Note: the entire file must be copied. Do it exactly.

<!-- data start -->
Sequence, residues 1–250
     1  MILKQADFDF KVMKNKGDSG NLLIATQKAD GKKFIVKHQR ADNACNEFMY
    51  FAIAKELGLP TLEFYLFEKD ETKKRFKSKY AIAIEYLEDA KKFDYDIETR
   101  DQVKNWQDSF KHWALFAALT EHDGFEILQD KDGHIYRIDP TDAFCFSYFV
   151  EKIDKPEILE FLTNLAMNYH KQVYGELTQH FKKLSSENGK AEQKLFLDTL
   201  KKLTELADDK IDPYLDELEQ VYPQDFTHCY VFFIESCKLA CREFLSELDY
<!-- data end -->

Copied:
Sequence, residues 1–250
     1  MILKQADFDF KVMKNKGDSG NLLIATQKAD GKKFIVKHQR ADNACNEFMY
    51  FAIAKELGLP TLEFYLFEKD ETKKRFKSKY AIAIEYLEDA KKFDYDIETR
   101  DQVKNWQDSF KHWALFAALT EHDGFEILQD KDGHIYRIDP TDAFCFSYFV
   151  EKIDKPEILE FLTNLAMNYH KQVYGELTQH FKKLSSENGK AEQKLFLDTL
   201  KKLTELADDK IDPYLDELEQ VYPQDFTHCY VFFIESCKLA CREFLSELDY